Segment #2:  A Jewish Heart From the Windy City

In the second segment of this week’s show, the current state of the Jewish people in the United States is explained and analyzed and to do that, Yishai is joined by Jack Berger, a self-described “Jew from Chicago” who has spanned the spectrum when it comes to all things Jewish in The Windy City.  Topics for this segment include how younger Jews, especially in more liberal movements, are becoming less and less connected to both Judaism and Israel, how large Jewish institutions are being built in cities in North America where there currently is little Anti-Semitism but where it could crop up in the near future, and how if one wants to support a large and thriving Jewish community, they should support the largest and most thriving, which is in the State of Israel.  The thought that the current generation will be the one that allows Jonathan Pollard to die in captivity in a United States prison is discussed, including how Pollard was almost released and how important it is to ensure that his release happens sooner rather than later.  Yishai talks about the issue of Jerusalem and how it is not considered the capitol of Israel in the eyes of the United States government and how this can be corrected in the future.

Segment #3:  It’s Not Good to Hate

The beautiful community of Migron sits upon the rolling hills of the Benyamin region of Samaria and this week’s third segment is focused on how this community has become a hot topic across Israel.  Yishai presents three main reasons to why it is such an important issue and to reinforce why those reasons are important.  Aviela Deitch, a Migron resident and a spokesperson for the community, who resides in the community with her husband and six children, joins Yishai.  Deitch talks about the reasons that they decided to move to Migron and also the experience of an expulsion, as it was seen first-hand.  Deitch talks about the history of the community of Migron, how it is not usable farmland and how the land was formerly state land owned by the the Hashemite Kingdom of Jordan, which became Israeli property following the Six Day War in 1967.  Deitch continues by talking about how the community was established with not only the blessing of the Israeli government but also with full support including utilities and mobile homes.   Issues with the lawsuit brought forth by Peace Now, a leftist Israeli organization, that catapulted Migron into the limelight are discussed as are the some of the dubious legal proceedings that have happened between the citizens of Migron and the Israeli Supreme Court.  The segment ends with Yishai talking about the potential expulsion of the residents of Migron set to take place this summer and how it will affect the Deitch family and others that live in this community.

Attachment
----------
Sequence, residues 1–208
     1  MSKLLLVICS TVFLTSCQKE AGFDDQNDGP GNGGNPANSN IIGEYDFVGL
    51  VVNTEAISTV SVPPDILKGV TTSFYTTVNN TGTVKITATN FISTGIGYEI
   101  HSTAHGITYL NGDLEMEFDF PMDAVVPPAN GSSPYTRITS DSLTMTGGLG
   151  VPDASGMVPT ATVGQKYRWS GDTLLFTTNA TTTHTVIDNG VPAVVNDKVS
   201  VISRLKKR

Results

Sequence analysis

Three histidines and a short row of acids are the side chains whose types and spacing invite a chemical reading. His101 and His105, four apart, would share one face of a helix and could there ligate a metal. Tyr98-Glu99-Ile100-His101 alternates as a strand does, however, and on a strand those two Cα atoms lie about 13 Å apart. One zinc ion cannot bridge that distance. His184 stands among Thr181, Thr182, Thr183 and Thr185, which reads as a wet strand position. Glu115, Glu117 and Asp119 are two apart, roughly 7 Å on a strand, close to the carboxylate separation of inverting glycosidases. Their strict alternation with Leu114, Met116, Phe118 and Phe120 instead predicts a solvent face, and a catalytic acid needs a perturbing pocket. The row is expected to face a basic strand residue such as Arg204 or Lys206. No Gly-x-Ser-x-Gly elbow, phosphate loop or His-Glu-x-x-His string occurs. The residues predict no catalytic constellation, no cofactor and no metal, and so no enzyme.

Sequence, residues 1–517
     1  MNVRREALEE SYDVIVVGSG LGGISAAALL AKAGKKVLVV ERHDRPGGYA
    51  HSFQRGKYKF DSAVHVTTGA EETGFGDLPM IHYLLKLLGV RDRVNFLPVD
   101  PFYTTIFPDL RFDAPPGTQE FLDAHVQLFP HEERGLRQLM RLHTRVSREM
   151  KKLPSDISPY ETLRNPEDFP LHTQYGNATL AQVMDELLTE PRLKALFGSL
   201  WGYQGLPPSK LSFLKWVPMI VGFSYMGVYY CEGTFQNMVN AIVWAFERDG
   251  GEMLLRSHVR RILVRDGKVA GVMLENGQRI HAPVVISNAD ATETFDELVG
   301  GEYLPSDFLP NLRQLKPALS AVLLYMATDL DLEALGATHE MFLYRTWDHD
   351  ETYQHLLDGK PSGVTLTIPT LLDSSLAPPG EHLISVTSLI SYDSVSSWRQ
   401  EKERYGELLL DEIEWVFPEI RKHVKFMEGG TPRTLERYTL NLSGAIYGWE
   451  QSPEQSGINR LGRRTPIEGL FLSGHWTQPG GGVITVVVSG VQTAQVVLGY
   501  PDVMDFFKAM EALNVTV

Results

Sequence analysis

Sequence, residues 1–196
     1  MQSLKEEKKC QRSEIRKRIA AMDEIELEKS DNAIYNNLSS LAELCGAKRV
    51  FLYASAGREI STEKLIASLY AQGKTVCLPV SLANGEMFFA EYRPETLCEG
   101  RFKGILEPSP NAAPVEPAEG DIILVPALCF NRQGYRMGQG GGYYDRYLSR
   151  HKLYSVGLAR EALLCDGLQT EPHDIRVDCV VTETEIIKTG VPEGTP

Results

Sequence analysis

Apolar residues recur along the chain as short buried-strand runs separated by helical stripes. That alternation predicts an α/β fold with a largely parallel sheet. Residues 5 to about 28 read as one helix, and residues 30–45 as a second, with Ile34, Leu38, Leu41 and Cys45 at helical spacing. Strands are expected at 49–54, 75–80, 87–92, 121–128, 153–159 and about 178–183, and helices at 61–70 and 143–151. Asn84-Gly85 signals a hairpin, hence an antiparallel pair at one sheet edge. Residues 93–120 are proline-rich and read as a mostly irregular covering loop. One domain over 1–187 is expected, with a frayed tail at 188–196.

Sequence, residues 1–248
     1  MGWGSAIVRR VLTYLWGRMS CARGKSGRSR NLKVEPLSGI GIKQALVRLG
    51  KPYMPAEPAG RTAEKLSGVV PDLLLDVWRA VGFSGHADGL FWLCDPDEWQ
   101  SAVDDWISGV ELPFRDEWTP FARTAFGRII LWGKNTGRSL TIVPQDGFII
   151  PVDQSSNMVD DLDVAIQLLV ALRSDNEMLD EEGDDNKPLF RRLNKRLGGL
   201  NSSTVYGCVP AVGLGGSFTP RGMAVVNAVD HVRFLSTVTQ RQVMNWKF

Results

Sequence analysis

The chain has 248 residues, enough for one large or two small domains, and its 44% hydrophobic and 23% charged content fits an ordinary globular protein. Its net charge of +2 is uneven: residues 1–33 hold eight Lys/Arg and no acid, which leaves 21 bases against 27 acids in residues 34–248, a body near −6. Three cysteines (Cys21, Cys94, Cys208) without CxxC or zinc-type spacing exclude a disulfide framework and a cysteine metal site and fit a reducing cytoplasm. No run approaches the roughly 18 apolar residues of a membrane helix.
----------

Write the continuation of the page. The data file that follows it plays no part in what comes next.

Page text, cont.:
Segment #4: Reconnecting heart and mind

This week’s show is wrapped up with Yishai presenting a recent speech, given by his friend and colleague Yehuda HaKohen at Machon Meir Yeshiva in Jerusalem.   Topics include how the Jewish people were not expelled to the four corners of the Earth but rather to five, the fifth being Zion.  The thought that a Zionist is not only one who loves his homeland but also his brothers and sisters are presented as is how Theodor Herzl and other Zionist leaders restored the heart to the Jewish People by bringing Jews home.  The thought of the curse of fear is discussed and explained throughout this segment.  The segment and the show ends with HaKohen emphasizing lucky we are to live in the time we live in the history of the Jewish People and how love can be the most empowering trait a human can exhibit.

Rabbi Shimshon Nadel: My Essential Haggadot

Thursday, March 22nd, 2012

“A Haggadah without wine stains is like a YomKippur machzor without tear stains.”

- R. Levi Yitchak of Berditchev

The Pesach Seder is a night etched into the collective consciousness of the Jew. Just thinking about this magical night, conjures up vivid memories of the scents, sounds, and tastes, the special time spent with family, and the experience of exploring our rich tradition. At the Seder, we don’t retell the story of the Exodus – we relive the experience.

The Haggadah, a text that evolved over centuries, serves as the manual that brings the Seder to life.

With thousands of Haggadot in print, it can be overwhelming to decide what to buy and what to use at the Seder. Just like kashering the home for Pesach requires preparation, so too the material for the Seder. And according to the investment is the return.